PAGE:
REDEFINING THE EQUATION D-CRC projects must be ahead of the curve to give Australia’s military the edge. With a relatively small defence


DEFENCE: force, a major investment in navy vessels and aircraft, and a large country to defend, the Department of Defence recognises the potential of Trusted Autonomous Systems to extend and augment its reach. “We talk in terms of ‘force multipliers’,” says Scholz. Taking risks on projects that don’t just push the envelope, but “blow it apart”, are part of the centre’s remit, he says. Examples that might be considered include ‘tag-teaming’: inexpensive autonomous underwater systems that can swarm the ocean floor in advance of multi-million-dollar Royal Australian Navy vessels, clearing a path through minefields or scouting out the bathymetry of the seafloor. “We want autonomous systems that will survive in a warfare environment,” he says, and he’s not just talking about physicality. New kinds of platforms such as social and self-sensing are important as well, to enable effective interaction with humans. This first CRC for Defence will operate for seven years, with options to extend if promising projects need further development. The Brisbane headquarters are expected to be established in mid 2018.


$50 million invested in the CRC for Trusted Autonomous Systems until 2025. Research will investigate how to improve military practices via drones, robotics and AI.

2026 104% $730 million to be invested over the next 8 years from the Next Gen Tech Fund, financing research to support future Defence capabilities.

increase in accuracy by US soldiers using Marathon Targets: robotic training funded via the CRC to help mimic real-life combat.

$200 billion Government investment over the “decade and beyond” to modernise Australia’s defence capability.



Dr Alex Zelinsky Chief Defence Scientist


Partnerships driving next generation Defence technologies As the Chief Defence Scientist, my job is to ensure the best science and technology is applied to deliver solutions for Australia’s defence and national security. Since the White Paper was released in 2016, Defence has embarked on a huge $195 billion technology refresh program to build game-changing capabilities based on partnerships through research and innovation, working with Australia’s best and brightest. Solving Defence capability problems is a complex challenge; it requires deep and extensive collaboration across disciplines, organisations and geographic boundaries. The 2016 Defence White Paper created a clear pathway for collaboration by establishing a new unified innovation system with an investment of $1.9 billion over 10 years. The new system centres around a Defence Innovation Hub ($640 M), a Next Generation Technologies Fund ($730 M) and a Defence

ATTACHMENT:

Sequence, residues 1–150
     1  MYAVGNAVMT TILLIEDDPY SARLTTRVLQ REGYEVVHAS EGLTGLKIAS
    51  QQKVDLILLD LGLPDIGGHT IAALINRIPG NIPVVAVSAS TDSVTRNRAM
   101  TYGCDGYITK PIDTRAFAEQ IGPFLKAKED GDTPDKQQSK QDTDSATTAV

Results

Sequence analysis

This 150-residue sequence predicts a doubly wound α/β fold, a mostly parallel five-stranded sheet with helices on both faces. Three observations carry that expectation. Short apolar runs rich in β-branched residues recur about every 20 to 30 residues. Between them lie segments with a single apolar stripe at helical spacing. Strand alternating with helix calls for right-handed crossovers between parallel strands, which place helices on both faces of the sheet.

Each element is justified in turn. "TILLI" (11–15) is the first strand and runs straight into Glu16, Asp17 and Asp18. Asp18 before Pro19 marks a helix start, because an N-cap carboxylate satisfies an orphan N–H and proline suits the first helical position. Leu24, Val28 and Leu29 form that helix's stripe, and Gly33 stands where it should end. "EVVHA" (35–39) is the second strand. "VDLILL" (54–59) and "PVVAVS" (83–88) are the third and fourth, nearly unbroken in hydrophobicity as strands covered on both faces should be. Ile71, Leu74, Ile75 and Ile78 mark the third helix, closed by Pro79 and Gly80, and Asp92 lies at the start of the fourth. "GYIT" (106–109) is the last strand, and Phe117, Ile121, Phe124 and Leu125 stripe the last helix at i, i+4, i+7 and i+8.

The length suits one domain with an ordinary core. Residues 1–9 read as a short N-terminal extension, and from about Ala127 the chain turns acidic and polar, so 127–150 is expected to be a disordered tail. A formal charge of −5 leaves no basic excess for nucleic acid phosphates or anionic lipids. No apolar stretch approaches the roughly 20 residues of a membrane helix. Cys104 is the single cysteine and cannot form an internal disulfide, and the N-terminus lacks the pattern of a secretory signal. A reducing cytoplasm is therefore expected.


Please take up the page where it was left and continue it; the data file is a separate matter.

Innovation Portal as an interface into the innovation system. The Defence Science and Technology team manages the Next Generation Technologies Fund. It focuses on early stage, high-risk research and invites proposals to collaborate on game-changing capabilities through the Defence Innovation Portal. Promising proposals are progressed through the Defence Innovation Hub for further development. To focus our efforts, we picked nine ‘winner’ domains where investment in science and technology could lead to game-changing Defence capabilities. These range from space and cyber to autonomous systems and quantum technologies. We also settled on seven program elements, with different forms of interaction and collaboration. Defence CRCs are one part of the program that’s made considerable progress. The first Defence CRC, on Trusted Autonomous Systems, follows a mission-driven approach ensuring the outcome will be delivered by industry utilising academic and public-funded research agencies as research providers. Defence is investing $50 million over seven years in the CRC to develop trusted smart machine technologies for ADF capabilities in the land, aerospace and maritime domains. The Defence CRC has been registered with initial participating members BAE Systems Australia, RMIT University, DefendTex and DST. The first three research projects will be led by BAE Systems, Thales and Lockheed Martin. Other companies and universities will join as the CRC develops more projects. The Queensland State government is providing $50 million in cash and in-kind support. The Next Generation Technologies Fund is continually generating new opportunities under its various programs, including the call for proposals for the Small Business Innovation Research for Defence, which is imminent. In Defence we are keen to harness the collective expertise of the country’s innovation sector and there has never been a better time for research partnerships than now, to realise the future capabilities of the ADF.



Testing Australia’s top aircraft Research at ANSTO into innovative technologies for the repair and maintenance of military aircraft will have implications on the service life of commercial and passenger aircraft, Brendan Fitzpatrick reports.